“Astonishment and Stupefaction” at $90-Billion Industrial Double-Cross for Australian Submarines

President Biden, British Prime Minister Boris Johnson and Australian PM Scott Morrison declared Sept. 15 that they would rebrand their military alliance “AUKUS” and then announced that they had wrested from French warship builders the multi-billion dollar contract to build at least eight Australian nuclear-powered submarines following secret negotiations.

The shocking announcement was a sucker punch to France’s submarine industry, cancelling without warning a $90 billion agreement signed in 2016 to build diesel-powered subs for Australia. The head of French military contractor Naval Group, Pierre Eric Pommellet, spoke of “astonishment and stupefaction” at being told the nearly $90 billion dollar submarine contract with Australia was being torn up, the Guardian reported Oct. 7.

Reacting to what appears to be a case of industrial espionage among fierce global rivals — France had reportedly already spent $2 billion on the agreed diesel-powered attack submarines — Paris recalled its ambassadors from Australia and the United States, and its foreign affairs minister Jean-Yves Le Drian said the cancellation betrayed “the letter and spirit” of cooperation between France and Australia.

In the face a dozen severe, urgent, and daunting global crises — climate change, increasingly extreme weather events, deforestation, desertification, over-fishing, mass migration, disease control and prevention, and resource depletion among others — Australia’s decision to throw $90 billion into the black hole of uranium fuel handling, nuclear reactor operations, and endless radioactive waste management, when diesel-powered warships are cheaper and safer, could not be more bewildering.

Australia has not built a submarine for 20 years and because of the plan’s immense complexities, supporters admit that its technical hurdles are enormous, and critics say they “could be insurmountable,” the New York Times reported November 9. “I don’t think this is a done deal in any way, shape or form,” Marcus Hellyer, an expert on naval policy at the Australian Strategic Policy Institute, told the Times.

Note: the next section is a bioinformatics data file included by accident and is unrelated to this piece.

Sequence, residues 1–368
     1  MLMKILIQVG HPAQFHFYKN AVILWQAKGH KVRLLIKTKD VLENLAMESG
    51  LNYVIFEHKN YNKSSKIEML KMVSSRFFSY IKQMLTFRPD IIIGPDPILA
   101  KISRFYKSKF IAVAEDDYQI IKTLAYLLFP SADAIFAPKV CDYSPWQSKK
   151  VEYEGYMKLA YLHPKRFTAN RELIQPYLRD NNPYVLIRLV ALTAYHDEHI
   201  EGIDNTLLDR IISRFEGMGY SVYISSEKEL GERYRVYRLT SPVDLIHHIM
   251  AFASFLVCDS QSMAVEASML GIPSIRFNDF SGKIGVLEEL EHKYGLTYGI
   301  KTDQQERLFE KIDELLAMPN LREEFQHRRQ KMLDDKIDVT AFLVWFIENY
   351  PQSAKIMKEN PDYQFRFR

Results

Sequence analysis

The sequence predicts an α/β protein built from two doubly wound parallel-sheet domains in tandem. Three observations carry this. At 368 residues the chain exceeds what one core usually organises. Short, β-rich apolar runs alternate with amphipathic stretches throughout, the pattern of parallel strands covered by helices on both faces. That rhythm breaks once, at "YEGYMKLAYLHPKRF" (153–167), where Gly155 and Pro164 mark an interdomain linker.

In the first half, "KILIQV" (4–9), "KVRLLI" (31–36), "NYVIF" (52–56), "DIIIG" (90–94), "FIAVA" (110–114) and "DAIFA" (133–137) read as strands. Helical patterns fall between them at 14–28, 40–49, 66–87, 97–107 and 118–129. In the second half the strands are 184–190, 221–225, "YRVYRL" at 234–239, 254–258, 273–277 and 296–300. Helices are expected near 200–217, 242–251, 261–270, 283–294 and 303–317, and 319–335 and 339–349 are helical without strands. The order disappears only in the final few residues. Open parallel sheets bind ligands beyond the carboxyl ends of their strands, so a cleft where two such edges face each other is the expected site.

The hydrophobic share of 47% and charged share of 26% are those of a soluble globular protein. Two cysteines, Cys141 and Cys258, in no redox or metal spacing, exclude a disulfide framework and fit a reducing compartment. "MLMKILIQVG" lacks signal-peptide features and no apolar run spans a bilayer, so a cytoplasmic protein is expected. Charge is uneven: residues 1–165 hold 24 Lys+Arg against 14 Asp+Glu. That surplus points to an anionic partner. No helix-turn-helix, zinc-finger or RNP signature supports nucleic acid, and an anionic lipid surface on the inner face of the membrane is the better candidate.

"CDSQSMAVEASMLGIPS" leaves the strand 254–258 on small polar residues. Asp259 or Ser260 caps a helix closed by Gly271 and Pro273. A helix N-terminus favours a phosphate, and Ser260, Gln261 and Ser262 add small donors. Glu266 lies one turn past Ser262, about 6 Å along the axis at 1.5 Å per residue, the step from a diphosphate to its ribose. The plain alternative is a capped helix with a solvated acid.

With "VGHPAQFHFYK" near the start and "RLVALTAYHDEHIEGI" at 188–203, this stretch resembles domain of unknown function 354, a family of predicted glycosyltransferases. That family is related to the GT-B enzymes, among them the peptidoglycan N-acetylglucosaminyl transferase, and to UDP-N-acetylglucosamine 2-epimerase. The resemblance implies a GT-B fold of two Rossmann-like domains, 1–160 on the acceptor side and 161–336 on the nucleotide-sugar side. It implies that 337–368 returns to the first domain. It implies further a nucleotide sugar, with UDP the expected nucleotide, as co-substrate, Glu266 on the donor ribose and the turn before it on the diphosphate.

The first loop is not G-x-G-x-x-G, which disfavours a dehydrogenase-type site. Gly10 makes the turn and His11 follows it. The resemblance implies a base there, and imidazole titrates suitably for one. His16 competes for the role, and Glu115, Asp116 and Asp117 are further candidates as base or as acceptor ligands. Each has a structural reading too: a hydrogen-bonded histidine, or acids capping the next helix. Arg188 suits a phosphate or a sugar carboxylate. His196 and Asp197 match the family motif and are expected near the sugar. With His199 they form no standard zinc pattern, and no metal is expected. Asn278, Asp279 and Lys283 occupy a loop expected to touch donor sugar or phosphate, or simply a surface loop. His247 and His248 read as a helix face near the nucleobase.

Rafael Grossi, the director general of the International Atomic Energy Agency, said during an Oct. 19 visit to Washington, DC, “To have a nuclear reactor in a submarine in a vessel operating safely is a very difficult thing to do,” alluding to the deadly accident rate among nuclear submarines, the Guardian said.

Grossi said that the onus is on US and the UK to ensure that weapons-grade radioactive material and technology was transferred to Australia in a way that did not risk nuclear weapons proliferation. But such risks can only be exacerbated by Australia’s embrace of military propulsion reactors, because US and UK nuclear submarines run only on highly enriched uranium (HEU) fuel, and HEU can be made into nuclear weapons. A new low-enriched uranium fuel system must be developed for the Australian subs, or the country will gain access to weapons-grade uranium.

Australia’s decision to promote nuclear militarism — when the country has no nuclear power expertise, no reactor industry or uranium fuel rod program, no radioactive waste control system, and no infrastructure for radiological disaster response — is shockingly counterintuitive.

Andy Stirling, Phil Johnstone in the November 9 Bulletin of the Atomic Scientists noted that building, maintaining, and operating reactor-propelled submarines depends on “expensive access to specific skills, supply chains, regulatory and design capabilities, educational and research institutions, and waste management and security infrastructures.”

“Australia is not seeking to establish nuclear weapons or establish a civil nuclear capability,” PM Morrison said September 15. But Friends of the Earth Australia’s spokesperson Jim Green told Australian Broadcasting Corp. news that the country’s “nuclear power lobby” had “been quick off the mark,” and was already using the submarine announcement to push for further involvement with the uranium fuel cycle, including nuclear reactors and radioactive waste storage. In the realm of nuclear power and waste generation, all Australia has now are dozens of uranium mines.

“No country in the world has got a repository to dispose of high-level nuclear waste, and the only repository in the world to dispose of intermediate-level nuclear waste, which is in the United States [the Waste Isolation Pilot Plant in Carlsbad, New Mexico], was shut for three years from 2014 to 2017 because of a chemical explosion.”

Australia could still reverse its blindingly expensive, dirty, and risk-intensive decision before adding to the naval parade of sunken billions and wasted lives. It should reject this deal with the nuclear devil and refuse to deliberately generate radioactive waste materials that will permanently pollute our shared environment, the oceanic commons.

John LaForge is a Co-director of Nukewatch, a peace and environmental justice group in Wisconsin, and edits its newsletter.